There are a number of tests for preeclampsia early in pregnancy including metabolic factors1 and blood pressure2. Serum 25(OH)D level should be added to this list as well.

There is one reported randomized controlled study of vitamin D supplementation and risk of preeclampsia, performed in Norway on nulliporos women:

The odds ratio of preeclampsia for women with a total vitamin D intake of 15-20 microg/d compared with less than 5 microg/d was 0.76 (95% confidence interval = 0.60-0.95). Considering only the intake of vitamin D from supplements, we found a 27% reduction in risk of preeclampsia (OR = 0.73 [0.58-0.92]) for women taking 10-15 microg/d as compared with no supplements. No association was found between intake of vitamin D from the diet alone and the occurrence of preeclampsia3. (1 microg/d = 40 IU/d).

Based on the findings by Bodnar et al4 it appears that serum 25(OH)D levels should be kept above 40 ng/ml during pregnancy. Pregnant women should consider taking several thousand IU/day of vitamin D35.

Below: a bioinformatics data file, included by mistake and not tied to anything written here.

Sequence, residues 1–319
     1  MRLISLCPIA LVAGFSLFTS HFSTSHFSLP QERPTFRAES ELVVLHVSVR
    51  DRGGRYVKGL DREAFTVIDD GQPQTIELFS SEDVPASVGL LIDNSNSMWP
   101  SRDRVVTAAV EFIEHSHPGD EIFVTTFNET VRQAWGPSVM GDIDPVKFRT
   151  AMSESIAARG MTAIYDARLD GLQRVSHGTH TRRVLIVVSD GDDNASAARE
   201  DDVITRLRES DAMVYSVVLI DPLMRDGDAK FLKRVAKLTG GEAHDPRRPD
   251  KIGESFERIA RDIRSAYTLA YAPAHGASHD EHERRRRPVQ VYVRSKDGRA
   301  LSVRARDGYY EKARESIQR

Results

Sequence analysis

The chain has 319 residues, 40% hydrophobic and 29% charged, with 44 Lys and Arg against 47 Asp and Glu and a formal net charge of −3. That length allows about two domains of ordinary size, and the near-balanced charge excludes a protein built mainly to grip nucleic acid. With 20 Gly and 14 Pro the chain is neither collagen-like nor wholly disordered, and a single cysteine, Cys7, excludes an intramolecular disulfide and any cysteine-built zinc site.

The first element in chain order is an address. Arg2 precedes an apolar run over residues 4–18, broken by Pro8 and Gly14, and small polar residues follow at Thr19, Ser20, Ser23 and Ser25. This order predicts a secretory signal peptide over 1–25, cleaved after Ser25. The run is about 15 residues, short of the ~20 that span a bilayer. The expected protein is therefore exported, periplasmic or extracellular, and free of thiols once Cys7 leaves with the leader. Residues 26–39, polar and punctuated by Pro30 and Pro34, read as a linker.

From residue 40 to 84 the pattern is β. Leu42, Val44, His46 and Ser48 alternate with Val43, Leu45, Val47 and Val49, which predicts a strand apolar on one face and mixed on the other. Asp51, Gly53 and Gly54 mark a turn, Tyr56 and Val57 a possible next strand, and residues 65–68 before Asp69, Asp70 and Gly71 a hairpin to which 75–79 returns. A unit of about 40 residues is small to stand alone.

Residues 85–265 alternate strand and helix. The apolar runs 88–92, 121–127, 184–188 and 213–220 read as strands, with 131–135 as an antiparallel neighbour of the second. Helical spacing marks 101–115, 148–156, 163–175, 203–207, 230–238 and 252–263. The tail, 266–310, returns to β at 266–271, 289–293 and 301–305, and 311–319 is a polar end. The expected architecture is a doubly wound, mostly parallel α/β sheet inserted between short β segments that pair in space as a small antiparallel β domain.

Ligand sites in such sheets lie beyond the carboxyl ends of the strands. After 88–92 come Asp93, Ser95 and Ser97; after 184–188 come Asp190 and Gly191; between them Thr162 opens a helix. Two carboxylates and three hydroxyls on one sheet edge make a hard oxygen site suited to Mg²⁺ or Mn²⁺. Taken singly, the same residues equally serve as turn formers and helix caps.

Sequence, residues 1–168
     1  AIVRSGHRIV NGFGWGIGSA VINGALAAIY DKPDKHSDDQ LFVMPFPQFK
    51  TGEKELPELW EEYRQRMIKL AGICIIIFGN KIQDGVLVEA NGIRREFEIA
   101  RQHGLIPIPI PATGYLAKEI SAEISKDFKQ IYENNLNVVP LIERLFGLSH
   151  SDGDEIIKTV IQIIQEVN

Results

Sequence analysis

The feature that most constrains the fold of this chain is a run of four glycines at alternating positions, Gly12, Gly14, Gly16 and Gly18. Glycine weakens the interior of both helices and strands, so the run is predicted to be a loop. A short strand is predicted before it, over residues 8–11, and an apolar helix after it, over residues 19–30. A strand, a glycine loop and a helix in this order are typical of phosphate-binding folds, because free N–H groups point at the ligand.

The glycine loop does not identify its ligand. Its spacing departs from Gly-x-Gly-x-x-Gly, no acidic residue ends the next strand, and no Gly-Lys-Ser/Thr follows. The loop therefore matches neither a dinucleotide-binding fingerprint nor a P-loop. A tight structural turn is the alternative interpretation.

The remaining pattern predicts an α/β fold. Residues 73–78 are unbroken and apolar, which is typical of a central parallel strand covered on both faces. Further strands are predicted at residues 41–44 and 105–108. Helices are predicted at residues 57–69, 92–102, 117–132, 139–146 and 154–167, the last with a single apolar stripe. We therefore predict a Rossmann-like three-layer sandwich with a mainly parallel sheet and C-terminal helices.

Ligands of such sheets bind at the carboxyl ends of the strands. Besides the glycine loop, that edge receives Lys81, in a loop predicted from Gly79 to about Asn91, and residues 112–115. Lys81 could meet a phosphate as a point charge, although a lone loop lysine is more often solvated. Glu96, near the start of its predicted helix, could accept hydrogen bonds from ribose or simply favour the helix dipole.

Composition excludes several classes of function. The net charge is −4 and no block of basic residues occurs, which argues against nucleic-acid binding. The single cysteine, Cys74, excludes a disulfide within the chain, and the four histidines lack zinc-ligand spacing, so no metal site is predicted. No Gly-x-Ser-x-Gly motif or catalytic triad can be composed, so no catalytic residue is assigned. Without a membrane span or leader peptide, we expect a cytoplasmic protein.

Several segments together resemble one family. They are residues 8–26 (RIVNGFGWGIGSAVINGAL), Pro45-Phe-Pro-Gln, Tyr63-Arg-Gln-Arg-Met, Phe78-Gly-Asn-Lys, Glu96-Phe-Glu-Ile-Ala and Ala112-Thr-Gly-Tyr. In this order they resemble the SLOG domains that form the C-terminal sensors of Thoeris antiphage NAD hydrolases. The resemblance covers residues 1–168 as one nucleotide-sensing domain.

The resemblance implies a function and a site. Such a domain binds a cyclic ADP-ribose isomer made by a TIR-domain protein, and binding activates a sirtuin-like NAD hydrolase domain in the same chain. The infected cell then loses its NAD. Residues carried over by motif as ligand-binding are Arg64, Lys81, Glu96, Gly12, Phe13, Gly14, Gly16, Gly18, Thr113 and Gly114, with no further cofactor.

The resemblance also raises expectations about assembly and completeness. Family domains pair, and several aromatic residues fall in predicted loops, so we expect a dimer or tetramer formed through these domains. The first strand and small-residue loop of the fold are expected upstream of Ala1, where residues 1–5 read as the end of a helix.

Page last edited: 03 May 2011


  1. Kenny, L. C. Broadhurst, D. I. Dunn, W. Brown, M. North, R. A. McCowan, L. Roberts, C. Cooper, G. J. Kell, D. B. Baker, P. N. Robust early pregnancy prediction of later preeclampsia using metabolomic biomarkers. Hypertension. 2010 Oct; 56 (4): 741-9.
  2. Poon, L. C. Kametas, N. A. Valencia, C. Chelemen, T. Nicolaides, K. H. Hypertensive Disorders in Pregnancy: Screening by Systolic Diastolic and Mean Arterial Pressure at 11-13 Weeks. Hypertens Pregnancy. 2010 Sep 6;
  3. Haugen, M. Brantsaeter, A. L. Trogstad, L. Alexander, J. Roth, C. Magnus, P. Meltzer, H. M. Vitamin D supplementation and reduced risk of preeclampsia in nulliparous women. Epidemiology. 2009 Sep; 20 (5): 720-6.
  4. Bodnar, L. M. Catov, J. M. Roberts, J. M. Racial/ethnic differences in the monthly variation of preeclampsia incidence. Am J Obstet Gynecol. 2007 Apr; 196 (4): 324 e1-5.
  5. Hollis, B. W. Vitamin D requirement during pregnancy and lactation. J Bone Miner Res. 2007 Dec; 22 Suppl 2V39-44.